Gonorrhea is one of many STDs affecting both genders. This infection is caused by Neisseria gonorrhoeae, a Gram-negative bacterium. After being contracted, the bacteria may start to multiply in different parts of the urogenital and anal area including the cervix, urethra, rectum and in people who have had unprotected oral sex with infected individuals even the throat can be affected.
Fortunately, gonorrhea is highly curable infection and it takes only several days of antibiotic treatment and the bacterium is completely eradicated. Left untreated or inadequately treated, gonorrhea may cause chronic inflammation of reproductive organs, especially in women who tend to develop pelvic inflammatory disease, a condition commonly blamed for abdominal pain and recurrent ectopic pregnancies. Apart from infertility, in neglected cases patients may end up with meningitis or septicemia.
Gonorrhea: Symptoms and Signs of the Infection
In the majority of cases the first symptoms of the infection develop 1-14 days after exposure. It is, however, possibly for one not to develop any symptom at all, which is classified as asymptomatic infection. Symptoms and signs of gonorrhea are more apparent in men.
As for women, gonorrhea is blamed for a change in vaginal discharge, which is present in large quantities and is green or yellow with a strong smell. An infected woman may additionally complain about burning sensation while passing urine, irritation or even discharge from the anus. Pain between periods may additionally point to the presence of the infection, especially if it is otherwise asymptomatic.
In men gonorrhea is characterized by white or yellow discharge from the penis, burning sensation during urination and also irritation and discharge from the anus. In men Neisseria gonorrhoeae may cause inflammation of the prostate and testes too.
In order for the bacterial infection to be confirmed, doctors take samples during physical exam (exam of the genital and anal area). These samples are sent to a lab and tested for the bacterium. The results are available in less than a week.
Samples sent for testing depend on symptoms of infection and may include urine sample, swabs from the cervix, vagina, throat, rectum and penis. Taking swabs may be quite uncomfortable, especially for men, but this part of examination is essential for confirmation of the infection.
Treatment for Gonorrhea
It is not hard to eradicate Neisseria gonorrhoeae because the bacterium is sensitive to many available antibiotics and treatment basically does not last long. Antibiotics are administered in a form of tablets/pills, liquid or injections. Pregnant women are due to report their pregnancy because of proper selection of the drug (doctors prescribe only antibiotics that cannot harm the mother or the baby in her uterus).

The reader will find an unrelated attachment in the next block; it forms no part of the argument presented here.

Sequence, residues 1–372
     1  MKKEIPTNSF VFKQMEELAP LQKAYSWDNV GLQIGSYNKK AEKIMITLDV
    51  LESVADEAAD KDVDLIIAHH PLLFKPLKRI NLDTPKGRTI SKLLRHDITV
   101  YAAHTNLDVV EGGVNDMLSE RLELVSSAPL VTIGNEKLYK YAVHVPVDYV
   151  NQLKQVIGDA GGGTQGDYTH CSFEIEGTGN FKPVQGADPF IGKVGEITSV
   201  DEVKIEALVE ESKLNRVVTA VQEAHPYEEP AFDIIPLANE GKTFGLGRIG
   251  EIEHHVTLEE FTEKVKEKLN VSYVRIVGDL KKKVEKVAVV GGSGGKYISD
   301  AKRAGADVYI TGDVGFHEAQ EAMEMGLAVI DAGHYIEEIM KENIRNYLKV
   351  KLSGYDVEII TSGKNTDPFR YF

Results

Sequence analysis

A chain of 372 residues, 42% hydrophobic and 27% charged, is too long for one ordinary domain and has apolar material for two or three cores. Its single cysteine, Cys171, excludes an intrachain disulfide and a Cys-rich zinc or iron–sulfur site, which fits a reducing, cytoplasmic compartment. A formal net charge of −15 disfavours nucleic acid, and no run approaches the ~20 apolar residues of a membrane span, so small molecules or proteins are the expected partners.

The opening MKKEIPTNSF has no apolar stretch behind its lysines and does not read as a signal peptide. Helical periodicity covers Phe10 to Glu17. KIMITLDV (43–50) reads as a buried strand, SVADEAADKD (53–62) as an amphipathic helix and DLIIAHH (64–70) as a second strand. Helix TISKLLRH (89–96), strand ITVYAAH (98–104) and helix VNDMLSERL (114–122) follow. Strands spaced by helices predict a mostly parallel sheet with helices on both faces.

Furthermore, once the treatment starts, it is essential not to be discontinued and to be finished as recommended. By cessation of treatment the infection may not be eradicate. This increases chances for complications. Finally, while taking antibiotics all patients are advised to abstain from sexual intercourse. Once, the infection is completely cured they may continue having sex, but with proper protection (latex condoms). All patients must return for a check-up after certain period of time, when doctor performs the test again confirming or ruling out the success of the treatment.
In cases when infection does not respond well to prescribed antibiotics, these are replaced with other medications of this type. It is, therefore, best to use antibiogram and chose antibiotics the isolated bacterium is sensitive to. Sexual partners of the infected individual must be examined and many times treated as well.
Gonorrhea Relevant Data
In 1999 there were 62.35 million people affected by gonorrhea. This makes gonorrhea practically the most commonly reported sexual transmitted disease on the global level. The infection was (and still is) reported more in women.
In the period between 1995 and 1999 there was a significant increase in gonorrhea cases in Estonia, Russia and Belarus all of which are countries of Eastern Europe. As for Africa, the highest incidence was reported in Central African Republic and South Africa.
According to statistical data from 2009, there were 301,174 cases of gonorrhea reported in the United States. In 2010 the decline in incidence was noticeable (10%). As a result, gonorrhea was at that time the second most commonly reported STD in the country. Once again women were affected more than men.
Gonorrhea is curable infectious disease and only if not treated properly, or not treated at all may cause certain complications.
In women gonorrhea is a cause of PID (pelvic inflammatory disease) and subsequent risk of ectopic pregnancy and infertility. Also, if the infection is contracted during pregnancy it can be easily passed on to the baby and cause eye infections (common during vaginal birth).
In men, untreated gonorrhea may cause inflammation of the prostate, testes and epididymis, all of which may additionally be blamed for infertility. Untreated inflammation of the urethra is associated with strictures and pain along with additional problems whilst urinating.
All in all, gonorrhea does not have to be contracted at all, if one uses latex condom each and every time while having sexual intercourse.